Laura Pannack: What does Brexit mean for love?

  • Beth Edwards
  • Harry Rose
  • Ameena Rojee
  • Anya Lawrence-Craig

Separation explores the angst and myriad emotions experienced by London-based couples who, as a result of Brexit, have been forced to contemplate separation. With Britain soon to sever its ties with the European Union, tens of thousands of people face the possibility of losing their right to work in the UK, not to mention being forced out of the country that they share with their partner. Brexit has long garnered column inches for its political implications, but what does it mean for love?

The Commission

In late-2017, Studio 1854 commissioned award-winning photographer Laura Pannack to create a series of portraits that explored couples forced to contemplate separation in the wake of Brexit.
The portraits were published alongside interviews with each of the couples on British Journal of Photography's website. A series of films share the reflections of some of the featured couples.
The commission was supported by Affinity Photo, the only fully functioning editing software available for iPad, with Pannack using the app throughout the three-day shoot. Studio 1854 managed all elements of the commission, including model casting, filmmaking, shoot management.
Read the round-up article here.

Ellie and Lars

"For the entirety of the 10 years that I have lived in the UK, I have been lucky to be surrounded by lovely people. No one has ever pulled a face when I told them where I was from and I’ve never experienced homophobic abuse. I doubt that would be the case if I was in Bulgaria.
"Many jobs in the creative entertainment [Ellie is an animation designer] industry are contract-based, and not necessarily in the same country. A post-Brexit UK will make life harder for both European and British creatives who want to work on big productions. I don’t want to leave the UK to have my history erased and then find out that I can’t come back to the country which I’ve spent most of my adult life in."
Ellie is Bulgarian and Lars is British. The couple met on a summer’s day at a carnival in Brighton. “She was wearing a large hat and had lipstick on her teeth. At that moment I knew that she was the one,” says Lars. “We had such a good time – that day turned into a weekend, and then another weekend, then a month and so on, until I moved in with her in London,” says Ellie.
Read the full article here.

Giulia and Stuart

"We were planning to get married at some point in the future but Brexit hurried us along. We got married six months ago in the hope that it would provide extra security in the UK for me, and also so Stuart could start applying for Italian citizenship. We are both actively looking for jobs in Italy so we can move there as soon as possible. Ideally we want to be out of the country by the time Brexit has had full effect.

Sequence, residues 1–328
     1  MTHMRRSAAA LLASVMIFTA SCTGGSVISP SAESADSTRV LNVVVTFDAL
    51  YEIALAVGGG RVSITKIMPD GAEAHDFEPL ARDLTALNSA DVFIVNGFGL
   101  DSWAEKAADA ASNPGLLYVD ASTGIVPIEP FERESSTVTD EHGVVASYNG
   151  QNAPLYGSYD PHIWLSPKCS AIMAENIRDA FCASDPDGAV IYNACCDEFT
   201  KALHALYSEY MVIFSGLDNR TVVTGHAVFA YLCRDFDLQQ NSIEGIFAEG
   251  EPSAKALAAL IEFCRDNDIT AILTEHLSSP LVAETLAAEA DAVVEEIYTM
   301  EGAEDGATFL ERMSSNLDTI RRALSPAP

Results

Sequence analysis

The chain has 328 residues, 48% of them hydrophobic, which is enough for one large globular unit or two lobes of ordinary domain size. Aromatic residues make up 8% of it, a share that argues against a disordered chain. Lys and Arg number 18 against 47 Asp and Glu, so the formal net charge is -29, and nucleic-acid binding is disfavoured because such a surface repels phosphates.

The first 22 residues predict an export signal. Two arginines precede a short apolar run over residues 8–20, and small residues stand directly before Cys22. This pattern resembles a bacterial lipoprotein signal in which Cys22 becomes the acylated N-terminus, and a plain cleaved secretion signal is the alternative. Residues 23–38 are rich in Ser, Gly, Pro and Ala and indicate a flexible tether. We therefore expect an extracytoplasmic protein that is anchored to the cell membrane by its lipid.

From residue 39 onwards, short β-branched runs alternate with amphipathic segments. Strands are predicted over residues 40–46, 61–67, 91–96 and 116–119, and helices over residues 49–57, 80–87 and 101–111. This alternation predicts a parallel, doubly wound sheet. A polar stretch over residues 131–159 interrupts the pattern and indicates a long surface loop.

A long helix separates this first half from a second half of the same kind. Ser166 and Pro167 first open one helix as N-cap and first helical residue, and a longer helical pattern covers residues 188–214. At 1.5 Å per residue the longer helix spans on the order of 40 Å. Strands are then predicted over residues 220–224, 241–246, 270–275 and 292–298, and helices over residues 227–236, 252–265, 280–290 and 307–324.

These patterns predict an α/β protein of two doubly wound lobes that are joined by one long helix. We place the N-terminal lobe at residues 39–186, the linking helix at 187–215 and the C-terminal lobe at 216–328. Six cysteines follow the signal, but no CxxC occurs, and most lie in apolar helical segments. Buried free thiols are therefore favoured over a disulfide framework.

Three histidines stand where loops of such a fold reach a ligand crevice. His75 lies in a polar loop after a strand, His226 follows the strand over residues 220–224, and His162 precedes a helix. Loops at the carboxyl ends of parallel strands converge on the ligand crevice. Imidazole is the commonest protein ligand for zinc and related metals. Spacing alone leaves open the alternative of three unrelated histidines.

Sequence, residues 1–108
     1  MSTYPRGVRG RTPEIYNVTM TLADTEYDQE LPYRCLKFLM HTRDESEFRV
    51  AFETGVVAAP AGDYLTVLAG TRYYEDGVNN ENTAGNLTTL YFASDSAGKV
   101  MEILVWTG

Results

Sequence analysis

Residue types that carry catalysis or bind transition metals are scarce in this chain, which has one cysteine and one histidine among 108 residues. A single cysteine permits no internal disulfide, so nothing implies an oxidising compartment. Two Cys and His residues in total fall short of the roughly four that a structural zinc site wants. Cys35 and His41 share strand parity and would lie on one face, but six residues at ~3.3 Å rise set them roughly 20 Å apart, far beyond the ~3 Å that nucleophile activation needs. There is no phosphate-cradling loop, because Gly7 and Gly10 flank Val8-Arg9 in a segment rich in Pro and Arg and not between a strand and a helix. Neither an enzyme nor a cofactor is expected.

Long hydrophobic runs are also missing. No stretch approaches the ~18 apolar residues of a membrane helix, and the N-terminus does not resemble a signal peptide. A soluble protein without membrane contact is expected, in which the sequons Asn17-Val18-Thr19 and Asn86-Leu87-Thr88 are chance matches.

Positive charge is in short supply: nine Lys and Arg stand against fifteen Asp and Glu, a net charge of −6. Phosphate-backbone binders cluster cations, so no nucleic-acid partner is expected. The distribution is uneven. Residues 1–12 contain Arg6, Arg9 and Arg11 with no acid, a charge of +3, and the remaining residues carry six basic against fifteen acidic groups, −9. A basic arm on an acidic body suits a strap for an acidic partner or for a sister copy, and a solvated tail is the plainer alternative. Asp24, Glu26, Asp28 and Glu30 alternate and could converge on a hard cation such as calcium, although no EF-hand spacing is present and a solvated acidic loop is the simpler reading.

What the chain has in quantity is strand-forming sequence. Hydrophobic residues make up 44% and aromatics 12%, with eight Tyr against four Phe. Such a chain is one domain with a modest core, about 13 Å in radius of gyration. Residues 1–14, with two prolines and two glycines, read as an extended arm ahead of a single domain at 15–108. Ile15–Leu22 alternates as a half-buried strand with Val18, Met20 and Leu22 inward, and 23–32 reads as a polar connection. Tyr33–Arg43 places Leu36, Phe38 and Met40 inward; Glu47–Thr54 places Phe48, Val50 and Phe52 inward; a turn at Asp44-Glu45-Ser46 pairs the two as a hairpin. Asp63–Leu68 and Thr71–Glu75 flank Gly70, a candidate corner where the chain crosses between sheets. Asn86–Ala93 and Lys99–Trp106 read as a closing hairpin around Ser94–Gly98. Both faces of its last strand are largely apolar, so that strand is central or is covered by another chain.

"I have felt different in the UK since the referendum result was announced, and markedly less welcome. I moved to the UK straight after graduating through a six-month work placement, ironically funded by the European Union. Six months quickly became one year, and here I am ten years later."
Giulia is Italian and Stuart is British. The couple met at work. “We spent the first six months of our relationship trying to keep it secret from our colleagues. In the morning Stuart would drop me off at the back entrance to the office,” says Giulia, who moved to the UK from Italy over 10 years ago. “We later discovered that everyone had known all along. It was the worst-kept secret.”
Read the full article here.

Jana and Luke, Lyra and Saoirse

"After the referendum we thought a lot about relocating our family to Germany, and we still do. Although the UK is our home, the uncertainty, not only with my status, but also with the UK economy, has made us consider a move. There is so much instability in the UK and a lot of stability in Germany. Our lives there would be more predictable and more secure.
"Our German community has also shrunken drastically. Out of the eight local families we used to meet regularly, six have moved back to Germany. This is not all down to Brexit but it was definitely a contributing factor. Britain’s future out of the EU will be bleak; I can already feel it crumbling around me."
Luke is British and Jana is German. The couple met in 2002 in Nicaragua while travelling across Latin America. Fifteen years later, with two children and wedding rings on their fingers, travelling remains a shared passion. They moved from Leeds to London nine years ago and currently live in Islington with their two young daughters Lyra and Saoirse.
Read the full article here.

Couple Films

Project Film